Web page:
The Kirk responded after claims it would be legally powerless to stop any minister conducting gay marriage ceremonies when the law in Scotland is changed.
A spokesman said no matter what legislation the Scottish Government proposed, ministers were bound by Church law.
However, the Reverend Lindsay Biddle, chaplain for the liberal group Affirmation Scotland, claimed she expected a dozen congregations who had signed up to the group would conduct gay marriages in their places of worship.
Ms Biddle, whose husband is minister at St James Parish Church in Pollok, Glasgow, insisted the decision to marry any couple rests with the minister.
She said: "I would not conduct the marriage of a heterosexual couple, for example, if I thought one of them was being abused, if I thought age was a factor – if a 50-year-old was getting married to a 16-year-old – or if I thought they had significant differences they have not worked through.
"There are other ministers who will not marry a couple who have had pre-marital sex or if they have had children.
"Nobody, either in the Church or the local authority, forces me to do a marriage or challenges me why I do or don't do a marriage. The same will apply to people of the same gender.
"A church or authority will not be able to question the decision of the minister to join or not to join a particular couple. It is not like I can sue the Catholic Church for not marrying a Protestant to a Catholic."
Last night a Kirk spokesman hit back, saying: "These are hypothetical questions, but the Reverend Lindsay Biddle is quite wrong in her claims.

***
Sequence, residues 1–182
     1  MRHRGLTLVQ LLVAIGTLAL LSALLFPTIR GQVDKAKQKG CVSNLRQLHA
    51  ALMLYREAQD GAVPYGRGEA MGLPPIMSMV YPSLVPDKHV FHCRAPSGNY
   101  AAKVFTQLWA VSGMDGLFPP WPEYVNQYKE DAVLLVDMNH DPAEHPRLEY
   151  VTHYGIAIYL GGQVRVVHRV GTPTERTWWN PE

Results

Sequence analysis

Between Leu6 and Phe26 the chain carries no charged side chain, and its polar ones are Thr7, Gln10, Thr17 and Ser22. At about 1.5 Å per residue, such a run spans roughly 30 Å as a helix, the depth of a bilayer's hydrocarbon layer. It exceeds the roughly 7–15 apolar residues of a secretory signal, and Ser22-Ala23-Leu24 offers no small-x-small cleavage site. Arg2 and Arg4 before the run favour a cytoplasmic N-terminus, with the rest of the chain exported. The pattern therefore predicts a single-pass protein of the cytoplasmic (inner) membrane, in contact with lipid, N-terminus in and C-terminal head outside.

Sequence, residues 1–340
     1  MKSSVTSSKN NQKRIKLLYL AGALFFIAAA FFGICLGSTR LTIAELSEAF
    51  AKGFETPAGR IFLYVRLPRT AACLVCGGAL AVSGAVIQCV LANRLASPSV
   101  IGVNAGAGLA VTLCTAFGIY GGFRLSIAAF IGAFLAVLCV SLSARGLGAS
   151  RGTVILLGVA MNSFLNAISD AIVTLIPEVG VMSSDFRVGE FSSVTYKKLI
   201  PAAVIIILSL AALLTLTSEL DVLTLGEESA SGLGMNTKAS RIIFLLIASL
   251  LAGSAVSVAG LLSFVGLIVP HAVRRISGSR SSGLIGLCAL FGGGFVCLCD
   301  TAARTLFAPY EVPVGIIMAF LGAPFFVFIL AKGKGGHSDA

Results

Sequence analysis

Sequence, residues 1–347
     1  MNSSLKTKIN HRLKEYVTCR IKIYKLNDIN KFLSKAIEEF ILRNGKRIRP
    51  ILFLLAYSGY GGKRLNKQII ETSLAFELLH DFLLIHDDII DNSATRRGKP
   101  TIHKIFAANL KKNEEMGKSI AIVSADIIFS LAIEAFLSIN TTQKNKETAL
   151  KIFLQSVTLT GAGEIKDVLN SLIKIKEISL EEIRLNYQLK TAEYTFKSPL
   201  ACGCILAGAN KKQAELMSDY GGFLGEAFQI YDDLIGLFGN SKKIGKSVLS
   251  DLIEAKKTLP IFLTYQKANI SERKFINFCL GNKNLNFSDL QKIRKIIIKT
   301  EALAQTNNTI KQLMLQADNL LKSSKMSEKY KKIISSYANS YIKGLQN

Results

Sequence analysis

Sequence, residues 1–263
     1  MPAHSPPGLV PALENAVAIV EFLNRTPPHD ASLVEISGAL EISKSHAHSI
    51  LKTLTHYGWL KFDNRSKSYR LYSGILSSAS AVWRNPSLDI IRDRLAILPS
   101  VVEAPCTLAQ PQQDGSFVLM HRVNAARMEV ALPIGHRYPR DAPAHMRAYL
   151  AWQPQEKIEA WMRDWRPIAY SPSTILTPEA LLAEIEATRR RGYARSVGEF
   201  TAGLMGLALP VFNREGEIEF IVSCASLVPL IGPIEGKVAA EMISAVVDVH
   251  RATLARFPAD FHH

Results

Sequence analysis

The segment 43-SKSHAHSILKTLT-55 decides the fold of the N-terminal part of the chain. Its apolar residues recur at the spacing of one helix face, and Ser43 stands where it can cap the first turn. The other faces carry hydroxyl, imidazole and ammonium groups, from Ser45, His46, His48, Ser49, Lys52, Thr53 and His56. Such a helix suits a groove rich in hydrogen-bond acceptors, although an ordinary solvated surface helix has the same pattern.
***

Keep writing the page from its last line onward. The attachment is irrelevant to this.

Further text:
"Under the law of the Church as it currently stands, a minister can only solemnise a marriage between a husband and wife (Act 1, 1977).
"No matter what legislation the Scottish Government proposes, all ministers will be bound by this Act until, or unless, it is changed by the General Assembly.
"If the General Assembly decides the Church of Scotland should, as a denomination, opt out of conducting same-sex marriages, then any minister who conducts a same-sex marriage would be subject to Church discipline.
"Until we have seen the details of the proposed bill we will not comment on the hypothetical demands it might make on the General Assembly or on individual ministers."
The Herald understands the prospect of ministers carrying out same-sex marriages would be the tipping-point for some clergy already considering quitting over the issue of gay ordination.
Previously one in five Church leaders said they would leave if gay ordination was allowed, and if their flocks followed them it could mean 100,000 quitting the Kirk.
Facing its greatest schism in centuries after openly gay Scott Rennie was appointed a minister in Aberdeen, the Kirk's stance on homosexual ministers will be tested finally at next year's General Assembly.
Same-sex marriage will also now be under consideration at the crunch annual gathering.
One evangelical source said those opposed to gay ordination have the same standpoint on same-sex marriage.
He said: "The issue of ministers conducting gay marriages will have the same effect on Church members as gay ordination. It will be raised at the same time as gay ordination and I would expect the Church would have to make a decision on that [same-sex marriage] next year."
A ballot last year showed 19.4% of Kirk Session members – the first court of the Kirk made up of ministers, elders, deacons and key parishioners – said they "would consider it obligatory to leave the Church" if people in same-sex relationships are allowed to marry.
The Rev Ian Watson, of Kirkmuirhill in Lanarkshire, said allowing gay marriage would have a detrimental effect on society. He said: "The Scottish Government can call it marriage, but it is not marriage."
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